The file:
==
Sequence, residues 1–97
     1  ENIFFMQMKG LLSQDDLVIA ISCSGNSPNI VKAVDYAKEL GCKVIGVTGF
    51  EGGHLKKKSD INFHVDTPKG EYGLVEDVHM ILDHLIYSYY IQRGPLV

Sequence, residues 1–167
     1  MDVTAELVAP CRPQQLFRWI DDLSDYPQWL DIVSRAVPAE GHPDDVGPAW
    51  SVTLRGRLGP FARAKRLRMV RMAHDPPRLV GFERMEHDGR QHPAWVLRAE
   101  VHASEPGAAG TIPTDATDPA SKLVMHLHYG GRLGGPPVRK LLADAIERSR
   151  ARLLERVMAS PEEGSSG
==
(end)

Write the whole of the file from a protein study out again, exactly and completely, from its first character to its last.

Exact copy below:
Sequence, residues 1–97
     1  ENIFFMQMKG LLSQDDLVIA ISCSGNSPNI VKAVDYAKEL GCKVIGVTGF
    51  EGGHLKKKSD INFHVDTPKG EYGLVEDVHM ILDHLIYSYY IQRGPLV

Sequence, residues 1–167
     1  MDVTAELVAP CRPQQLFRWI DDLSDYPQWL DIVSRAVPAE GHPDDVGPAW
    51  SVTLRGRLGP FARAKRLRMV RMAHDPPRLV GFERMEHDGR QHPAWVLRAE
   101  VHASEPGAAG TIPTDATDPA SKLVMHLHYG GRLGGPPVRK LLADAIERSR
   151  ARLLERVMAS PEEGSSG